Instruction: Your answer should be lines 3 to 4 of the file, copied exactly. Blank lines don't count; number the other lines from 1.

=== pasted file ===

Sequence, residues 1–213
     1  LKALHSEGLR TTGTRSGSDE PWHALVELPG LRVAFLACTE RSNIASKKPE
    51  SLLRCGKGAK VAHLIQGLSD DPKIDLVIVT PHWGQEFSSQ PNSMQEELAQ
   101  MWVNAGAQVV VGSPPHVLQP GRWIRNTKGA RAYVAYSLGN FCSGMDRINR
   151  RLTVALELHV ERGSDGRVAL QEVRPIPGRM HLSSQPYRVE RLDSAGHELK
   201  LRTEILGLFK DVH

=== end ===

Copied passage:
    51  SLLRCGKGAK VAHLIQGLSD DPKIDLVIVT PHWGQEFSSQ PNSMQEELAQ
   101  MWVNAGAQVV VGSPPHVLQP GRWIRNTKGA RAYVAYSLGN FCSGMDRINR